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2 Comments:

Blogger Marshall said...

Your analysis is not accurate in your comparison of the Joyce Hatto scandal and the Count Basie Orchestra. The Count Basie Orchestra today is a vital, active orchestra, which lives on with the blessings of Mr. Basie, with his original book, with original members still in the band who were chosen by Mr. Basie, led by 52 year veteran of the orchestra, Bill Hughes. The band tours at least 6 months out of the year, has continued to record under the name of The Count Basie Orchestra since Mr. Basie's passing in 1984, and has won grammys with these recordings.

For you to state that music was dubbed onto the recording, and not a note was played by Basie implies that the music was not live and not by the current, and one and only Count Basie Orchestra, and somehow seems to imply and denigrate the music put forth by the orchestra.

On the other hand, Joyce Hatto did not play any notes on her recordings,and it was plagiarism.

I would really appreciate if you would correct your inaccurate analogy.

Marshall McDonald
Lead Alto Saxophone
The Count Basie Orchestra

4:01 PM  
Blogger Joe M said...

Marshall, thank you for your comments. I have no problem with the Count Basie Orchestra continuing on Mr. Basie's legacy, in fact I've been playing the new Live in Japan CD on the air, in addition to heavy airplay for the Ray Charles/Count Basie Orchestra record on our station. I don't have a problem with the music itself.

My issue with the recording in question is the way it has been marketed by Concord, and the title of the album. "Ray Sings, Basie Swings" is less accurate than "Ray Sings, The Count Basie Orchestra Swings". I've instructed our on air staff to announce the album as Ray Charles with the Count Basie Orchestra, not Ray Charles and Count Basie, as the title might lead some to believe.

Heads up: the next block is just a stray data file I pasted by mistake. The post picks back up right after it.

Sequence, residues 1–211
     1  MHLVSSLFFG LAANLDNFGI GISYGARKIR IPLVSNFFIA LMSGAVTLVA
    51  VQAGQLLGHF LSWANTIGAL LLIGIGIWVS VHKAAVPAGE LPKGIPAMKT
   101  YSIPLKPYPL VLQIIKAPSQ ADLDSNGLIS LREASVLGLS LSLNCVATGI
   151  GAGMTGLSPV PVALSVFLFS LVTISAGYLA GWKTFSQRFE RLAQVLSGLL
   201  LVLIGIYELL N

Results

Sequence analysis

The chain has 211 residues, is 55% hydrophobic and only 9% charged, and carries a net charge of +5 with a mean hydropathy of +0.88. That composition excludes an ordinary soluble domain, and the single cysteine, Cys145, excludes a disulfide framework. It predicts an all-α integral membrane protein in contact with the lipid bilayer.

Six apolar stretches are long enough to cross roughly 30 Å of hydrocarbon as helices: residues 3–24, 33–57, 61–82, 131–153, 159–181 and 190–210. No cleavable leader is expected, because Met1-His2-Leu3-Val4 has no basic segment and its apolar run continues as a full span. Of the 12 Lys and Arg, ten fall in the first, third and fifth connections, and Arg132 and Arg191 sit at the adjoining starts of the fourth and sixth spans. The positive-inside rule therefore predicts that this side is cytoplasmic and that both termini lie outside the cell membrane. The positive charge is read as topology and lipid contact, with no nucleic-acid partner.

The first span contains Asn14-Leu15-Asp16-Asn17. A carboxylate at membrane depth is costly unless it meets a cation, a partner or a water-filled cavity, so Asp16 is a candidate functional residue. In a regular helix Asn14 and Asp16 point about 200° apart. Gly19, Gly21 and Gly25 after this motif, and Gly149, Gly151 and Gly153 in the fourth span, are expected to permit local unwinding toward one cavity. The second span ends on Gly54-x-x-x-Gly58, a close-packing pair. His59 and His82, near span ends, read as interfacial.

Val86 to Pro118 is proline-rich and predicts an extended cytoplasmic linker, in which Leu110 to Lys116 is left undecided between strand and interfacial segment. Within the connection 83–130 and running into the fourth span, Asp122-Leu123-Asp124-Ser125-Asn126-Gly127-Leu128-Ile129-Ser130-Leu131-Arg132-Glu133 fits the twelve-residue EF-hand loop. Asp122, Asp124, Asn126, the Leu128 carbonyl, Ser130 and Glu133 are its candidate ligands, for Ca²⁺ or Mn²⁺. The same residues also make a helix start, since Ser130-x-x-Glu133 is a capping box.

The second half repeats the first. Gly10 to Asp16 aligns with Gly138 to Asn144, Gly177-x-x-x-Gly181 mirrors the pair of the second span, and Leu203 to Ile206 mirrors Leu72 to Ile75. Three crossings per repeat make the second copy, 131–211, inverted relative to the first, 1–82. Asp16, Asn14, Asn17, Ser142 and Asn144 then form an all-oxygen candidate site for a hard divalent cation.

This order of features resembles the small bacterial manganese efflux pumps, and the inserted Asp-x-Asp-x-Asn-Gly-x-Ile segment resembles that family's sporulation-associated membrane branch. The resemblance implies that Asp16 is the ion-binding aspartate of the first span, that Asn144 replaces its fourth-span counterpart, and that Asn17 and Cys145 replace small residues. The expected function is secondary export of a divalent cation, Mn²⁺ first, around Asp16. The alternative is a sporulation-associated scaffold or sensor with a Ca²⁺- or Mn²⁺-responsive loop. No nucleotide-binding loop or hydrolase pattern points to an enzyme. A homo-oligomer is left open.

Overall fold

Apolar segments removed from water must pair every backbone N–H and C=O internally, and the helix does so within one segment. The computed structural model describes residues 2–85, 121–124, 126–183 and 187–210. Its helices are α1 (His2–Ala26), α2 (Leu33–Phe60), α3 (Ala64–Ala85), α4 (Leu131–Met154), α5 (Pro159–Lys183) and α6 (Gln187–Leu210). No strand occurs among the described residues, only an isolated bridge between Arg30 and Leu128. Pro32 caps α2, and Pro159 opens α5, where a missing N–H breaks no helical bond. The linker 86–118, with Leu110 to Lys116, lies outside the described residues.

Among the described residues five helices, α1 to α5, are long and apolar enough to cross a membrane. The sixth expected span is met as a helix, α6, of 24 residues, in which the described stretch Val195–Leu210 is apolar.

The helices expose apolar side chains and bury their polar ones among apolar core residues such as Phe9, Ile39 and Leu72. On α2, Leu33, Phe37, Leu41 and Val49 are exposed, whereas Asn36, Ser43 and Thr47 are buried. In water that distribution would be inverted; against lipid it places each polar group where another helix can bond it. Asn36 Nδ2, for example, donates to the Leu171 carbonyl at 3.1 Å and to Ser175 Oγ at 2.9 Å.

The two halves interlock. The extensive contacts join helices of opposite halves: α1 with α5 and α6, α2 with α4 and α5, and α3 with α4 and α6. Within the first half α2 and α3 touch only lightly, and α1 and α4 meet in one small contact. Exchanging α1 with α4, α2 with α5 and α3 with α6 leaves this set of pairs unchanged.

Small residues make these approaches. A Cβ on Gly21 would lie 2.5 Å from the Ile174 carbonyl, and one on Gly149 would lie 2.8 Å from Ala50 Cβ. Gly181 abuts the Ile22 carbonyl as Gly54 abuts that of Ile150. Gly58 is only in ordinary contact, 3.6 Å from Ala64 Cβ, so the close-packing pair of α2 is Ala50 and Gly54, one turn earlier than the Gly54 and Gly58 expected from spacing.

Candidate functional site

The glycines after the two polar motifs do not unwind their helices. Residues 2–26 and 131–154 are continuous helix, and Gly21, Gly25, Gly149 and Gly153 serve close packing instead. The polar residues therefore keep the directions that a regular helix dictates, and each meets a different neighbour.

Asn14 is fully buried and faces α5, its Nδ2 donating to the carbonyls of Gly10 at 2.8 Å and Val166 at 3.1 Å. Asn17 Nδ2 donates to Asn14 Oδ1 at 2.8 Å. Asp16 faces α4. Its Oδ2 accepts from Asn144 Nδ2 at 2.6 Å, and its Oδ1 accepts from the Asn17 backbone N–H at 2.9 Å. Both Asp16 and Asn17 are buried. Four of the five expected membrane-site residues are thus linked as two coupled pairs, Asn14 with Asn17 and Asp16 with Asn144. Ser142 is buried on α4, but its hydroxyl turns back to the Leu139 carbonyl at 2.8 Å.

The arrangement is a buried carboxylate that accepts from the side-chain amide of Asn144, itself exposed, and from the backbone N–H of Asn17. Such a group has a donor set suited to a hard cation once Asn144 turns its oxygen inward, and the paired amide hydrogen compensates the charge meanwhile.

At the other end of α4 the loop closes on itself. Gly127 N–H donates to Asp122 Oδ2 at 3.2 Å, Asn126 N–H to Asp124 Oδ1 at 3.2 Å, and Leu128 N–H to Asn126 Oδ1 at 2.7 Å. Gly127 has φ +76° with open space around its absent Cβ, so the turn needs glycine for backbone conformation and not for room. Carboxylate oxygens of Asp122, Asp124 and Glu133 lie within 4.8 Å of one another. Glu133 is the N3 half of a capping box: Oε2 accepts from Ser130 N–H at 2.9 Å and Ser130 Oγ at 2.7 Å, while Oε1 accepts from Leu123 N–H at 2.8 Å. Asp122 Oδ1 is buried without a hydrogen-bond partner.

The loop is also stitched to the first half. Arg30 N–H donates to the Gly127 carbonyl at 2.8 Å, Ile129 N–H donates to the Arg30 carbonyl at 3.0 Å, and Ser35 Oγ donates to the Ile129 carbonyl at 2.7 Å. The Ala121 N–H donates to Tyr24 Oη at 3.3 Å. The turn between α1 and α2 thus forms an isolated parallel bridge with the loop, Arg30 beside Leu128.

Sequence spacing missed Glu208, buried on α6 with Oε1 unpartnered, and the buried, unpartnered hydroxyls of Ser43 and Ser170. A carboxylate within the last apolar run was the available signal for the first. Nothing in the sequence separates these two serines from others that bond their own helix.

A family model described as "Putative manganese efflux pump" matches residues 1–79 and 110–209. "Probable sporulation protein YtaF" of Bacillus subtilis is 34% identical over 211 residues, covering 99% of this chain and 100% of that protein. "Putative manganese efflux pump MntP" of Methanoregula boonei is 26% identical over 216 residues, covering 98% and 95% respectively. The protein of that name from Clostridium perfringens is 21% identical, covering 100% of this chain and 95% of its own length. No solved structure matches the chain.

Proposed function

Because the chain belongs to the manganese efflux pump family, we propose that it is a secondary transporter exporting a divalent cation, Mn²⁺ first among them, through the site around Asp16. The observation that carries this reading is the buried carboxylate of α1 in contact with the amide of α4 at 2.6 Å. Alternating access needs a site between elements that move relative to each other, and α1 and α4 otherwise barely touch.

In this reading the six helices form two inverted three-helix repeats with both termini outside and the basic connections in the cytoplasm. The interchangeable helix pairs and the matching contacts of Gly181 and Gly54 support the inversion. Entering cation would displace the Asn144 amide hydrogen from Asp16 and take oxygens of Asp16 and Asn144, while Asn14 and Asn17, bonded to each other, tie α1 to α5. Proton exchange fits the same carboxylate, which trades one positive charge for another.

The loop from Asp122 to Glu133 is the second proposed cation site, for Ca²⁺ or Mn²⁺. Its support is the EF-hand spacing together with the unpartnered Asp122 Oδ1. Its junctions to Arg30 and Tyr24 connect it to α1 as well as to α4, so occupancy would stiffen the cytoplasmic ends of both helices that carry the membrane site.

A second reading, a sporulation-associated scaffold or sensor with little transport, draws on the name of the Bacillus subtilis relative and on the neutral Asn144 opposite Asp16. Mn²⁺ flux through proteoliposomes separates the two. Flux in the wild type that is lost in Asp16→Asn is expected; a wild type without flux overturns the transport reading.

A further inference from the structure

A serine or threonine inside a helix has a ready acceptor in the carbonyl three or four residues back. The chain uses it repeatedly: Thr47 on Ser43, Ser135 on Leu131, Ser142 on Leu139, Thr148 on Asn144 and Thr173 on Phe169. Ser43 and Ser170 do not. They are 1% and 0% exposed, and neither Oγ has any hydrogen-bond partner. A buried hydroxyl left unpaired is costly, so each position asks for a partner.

I've spoken with listeners who were upset after buying the CD that it wasn't quite what they thought it was. They thought they were buying a CD which featured Ray Charles and Bill Basie from Red Bank, NJ, and that's not what it is. They felt mislead, and I'm very much against misleading listeners.

Also, you may have misread my comments, as I didn't intend to compare the Charles/Basie Orchestra album to the Hatto scandal directly. Rather, I see albums like this one as a trend that ONE DAY may lead us to that point. The same kind technology that allows The Count Basie Orchestra to collaborate with a deceased artist, and for that record to be marketed to make consumers think that Mr. Basie was a part of this collaboration, could eventually lead us down that path.

Keep up the good work Marshall. Your music is being heard and is keeping Basie's legacy alive. We may disagree on how it's promoted, but the music is what really matters at the end of the day.

5:01 PM